The US Department of Labor (DOL) published its final overtime rule, which changed exemption levels for white collar employees. Here are our takeaways:
4 Key Takeaways From The New Overtime Rules
- The new rule increases the salary level for the white-collar exemptions (executive, administrative, and professional). New salary level for white collar exemptions will be $684 per week ($35,568). Previously, the required salary was $455 per week ($23,660).
- The new salary level for highly compensated employees is $107,432. Previously, the required salary level was $100,000.
- The rule permits employees to use non-discretionary bonuses and incentive payments (including commissions) that are paid at least annually to satisfy up to 10 percent of the standard salary level.
- The new rule made no changes to the duties tests for any exemptions and did not provide for automatic annual increases.
At a minimum, a salary check of white-collar exempt workers should have been performed to determine if they remained above the salary threshold necessary to maintain exempt status; and planning for any necessary adjustments to take effect by January 1 should be done.
This new rule added another task to a long list of compliance actions employers needed to take to ready their organizations for 2020.
What Else Should Illinois Employers Be Thinking About in 2020?
1. Amendments to the Illinois Equal Pay Act (effective September 2019), which ban pay history inquiries and prohibits employers from requiring workers to sign contracts that prevent them discussing their pay with coworkers and others, with some exceptions. Details can be found here.
2. Amendments to the Illinois Right to Privacy in the Workplace Act (effective January 1, 2020), which change discrimination and drug testing laws to account for the decriminalization of recreational marijuana use. Details can be found here and here.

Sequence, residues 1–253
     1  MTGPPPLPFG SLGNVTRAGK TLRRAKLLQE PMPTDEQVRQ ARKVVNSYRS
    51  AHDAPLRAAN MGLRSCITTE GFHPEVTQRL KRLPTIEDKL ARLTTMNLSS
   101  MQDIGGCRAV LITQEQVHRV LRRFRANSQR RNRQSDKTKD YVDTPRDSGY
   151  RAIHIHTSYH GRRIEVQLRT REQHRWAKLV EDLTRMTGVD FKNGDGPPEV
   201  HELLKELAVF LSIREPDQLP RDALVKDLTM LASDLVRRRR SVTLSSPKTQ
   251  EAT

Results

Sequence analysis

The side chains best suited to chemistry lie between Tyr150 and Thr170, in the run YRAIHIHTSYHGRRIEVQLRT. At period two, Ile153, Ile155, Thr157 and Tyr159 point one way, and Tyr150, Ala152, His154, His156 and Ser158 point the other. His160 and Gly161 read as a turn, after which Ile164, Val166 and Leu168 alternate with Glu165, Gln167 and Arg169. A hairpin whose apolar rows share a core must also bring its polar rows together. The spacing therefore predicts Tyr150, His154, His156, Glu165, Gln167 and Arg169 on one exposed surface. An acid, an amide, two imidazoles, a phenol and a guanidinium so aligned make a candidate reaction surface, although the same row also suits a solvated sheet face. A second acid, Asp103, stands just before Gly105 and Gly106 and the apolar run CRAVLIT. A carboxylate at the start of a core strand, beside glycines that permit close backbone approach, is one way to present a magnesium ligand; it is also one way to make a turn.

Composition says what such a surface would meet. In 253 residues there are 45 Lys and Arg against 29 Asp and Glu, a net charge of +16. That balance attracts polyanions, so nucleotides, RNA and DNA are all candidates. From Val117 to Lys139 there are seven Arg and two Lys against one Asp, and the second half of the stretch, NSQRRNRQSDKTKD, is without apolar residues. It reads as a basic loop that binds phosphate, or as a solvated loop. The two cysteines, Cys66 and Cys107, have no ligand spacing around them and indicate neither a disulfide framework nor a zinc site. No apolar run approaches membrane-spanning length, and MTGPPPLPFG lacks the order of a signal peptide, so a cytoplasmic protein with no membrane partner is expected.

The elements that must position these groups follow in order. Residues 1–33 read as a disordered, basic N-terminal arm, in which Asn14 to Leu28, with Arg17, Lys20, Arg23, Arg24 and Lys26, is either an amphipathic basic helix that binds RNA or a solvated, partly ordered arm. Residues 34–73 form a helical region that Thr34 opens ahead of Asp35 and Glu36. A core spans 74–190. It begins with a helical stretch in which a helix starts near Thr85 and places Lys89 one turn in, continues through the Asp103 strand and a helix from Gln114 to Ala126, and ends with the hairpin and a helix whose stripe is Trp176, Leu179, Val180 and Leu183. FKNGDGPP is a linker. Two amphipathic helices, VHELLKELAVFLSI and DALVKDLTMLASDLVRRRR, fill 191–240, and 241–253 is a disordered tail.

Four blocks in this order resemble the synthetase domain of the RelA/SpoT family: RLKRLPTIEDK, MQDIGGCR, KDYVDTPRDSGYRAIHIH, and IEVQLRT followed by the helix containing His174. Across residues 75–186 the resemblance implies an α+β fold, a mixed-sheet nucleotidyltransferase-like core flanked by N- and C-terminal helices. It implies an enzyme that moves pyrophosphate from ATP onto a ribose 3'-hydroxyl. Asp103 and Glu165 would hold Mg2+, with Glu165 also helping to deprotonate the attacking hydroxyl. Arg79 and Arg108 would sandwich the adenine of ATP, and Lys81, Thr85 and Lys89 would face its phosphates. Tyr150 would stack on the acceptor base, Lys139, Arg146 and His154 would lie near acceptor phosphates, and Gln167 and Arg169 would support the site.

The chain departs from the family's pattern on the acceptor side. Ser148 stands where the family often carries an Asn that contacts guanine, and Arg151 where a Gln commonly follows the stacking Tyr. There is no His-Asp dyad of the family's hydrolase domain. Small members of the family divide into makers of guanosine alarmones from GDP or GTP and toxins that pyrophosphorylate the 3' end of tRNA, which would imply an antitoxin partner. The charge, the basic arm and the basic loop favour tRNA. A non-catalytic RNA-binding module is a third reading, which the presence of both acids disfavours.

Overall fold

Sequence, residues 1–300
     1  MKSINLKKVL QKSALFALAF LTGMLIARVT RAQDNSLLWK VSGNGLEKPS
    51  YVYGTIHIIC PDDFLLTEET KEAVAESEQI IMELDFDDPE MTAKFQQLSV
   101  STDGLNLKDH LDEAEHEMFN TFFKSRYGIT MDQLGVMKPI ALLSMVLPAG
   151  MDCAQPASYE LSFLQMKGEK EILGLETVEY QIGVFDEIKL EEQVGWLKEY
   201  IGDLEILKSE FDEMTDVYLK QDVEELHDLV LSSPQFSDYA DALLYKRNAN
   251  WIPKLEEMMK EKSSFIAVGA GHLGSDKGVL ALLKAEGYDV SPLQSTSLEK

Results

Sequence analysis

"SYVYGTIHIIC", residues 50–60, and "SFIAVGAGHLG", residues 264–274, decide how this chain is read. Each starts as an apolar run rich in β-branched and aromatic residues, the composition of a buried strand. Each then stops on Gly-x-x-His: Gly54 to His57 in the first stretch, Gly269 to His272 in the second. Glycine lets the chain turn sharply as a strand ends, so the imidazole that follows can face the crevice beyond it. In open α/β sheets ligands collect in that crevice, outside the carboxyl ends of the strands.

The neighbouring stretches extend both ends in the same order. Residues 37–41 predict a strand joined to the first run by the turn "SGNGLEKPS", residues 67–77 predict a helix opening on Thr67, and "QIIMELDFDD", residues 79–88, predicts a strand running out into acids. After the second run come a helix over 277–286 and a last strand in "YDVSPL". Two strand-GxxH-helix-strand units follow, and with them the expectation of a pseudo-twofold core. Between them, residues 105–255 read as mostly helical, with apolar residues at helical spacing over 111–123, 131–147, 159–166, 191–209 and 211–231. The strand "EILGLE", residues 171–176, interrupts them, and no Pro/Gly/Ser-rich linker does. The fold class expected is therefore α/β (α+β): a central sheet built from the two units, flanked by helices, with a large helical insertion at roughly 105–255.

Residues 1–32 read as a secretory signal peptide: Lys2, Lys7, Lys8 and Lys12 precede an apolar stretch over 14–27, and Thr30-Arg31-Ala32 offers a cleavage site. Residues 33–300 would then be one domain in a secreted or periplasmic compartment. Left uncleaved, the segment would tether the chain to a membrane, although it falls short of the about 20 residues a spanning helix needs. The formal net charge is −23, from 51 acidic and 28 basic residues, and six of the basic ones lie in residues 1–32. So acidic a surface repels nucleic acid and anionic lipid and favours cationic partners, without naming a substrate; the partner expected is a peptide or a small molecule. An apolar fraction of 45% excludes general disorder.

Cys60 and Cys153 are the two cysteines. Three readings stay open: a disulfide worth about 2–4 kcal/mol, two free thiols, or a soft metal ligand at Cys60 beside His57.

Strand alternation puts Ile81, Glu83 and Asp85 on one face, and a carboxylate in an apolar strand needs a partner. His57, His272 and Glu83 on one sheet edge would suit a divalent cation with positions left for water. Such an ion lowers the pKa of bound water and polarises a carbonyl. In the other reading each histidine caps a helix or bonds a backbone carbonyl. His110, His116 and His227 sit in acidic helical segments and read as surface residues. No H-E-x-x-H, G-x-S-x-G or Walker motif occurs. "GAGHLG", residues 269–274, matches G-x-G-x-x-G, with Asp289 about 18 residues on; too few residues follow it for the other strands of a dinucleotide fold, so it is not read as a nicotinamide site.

4. Amendments to the Illinois Human Rights Act (effective January 1, 2020) that expand anti-discrimination protections to virtually every employer with as few as one worker, requires employers to provide annual sexual harassment prevention training, and requires employers to disclose annually to the State adverse rulings and certain settlements from the prior year. Details can be found here.
5. Chicago’s “Fair Workweek Ordinance” (effective July 1, 2020), a predictive scheduling ordinance which requires employers to give employees their schedules in advance and sets employee pay at a higher rate when changes are made to work schedules. More details are available here.
6. The Workplace Transparency Act (effective January 1, 2020), which places restrictions on employee confidentiality agreements, and prohibits employers from requiring employees to waive, arbitrate or diminish an existing or future claim related to unlawful employment. Details can be found here.
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Gary Savine is an Illinois employment lawyer and founder of Savine Employment Law, Ltd. in Chicago. Gary regularly advises human resources professionals on recently enacted employment laws.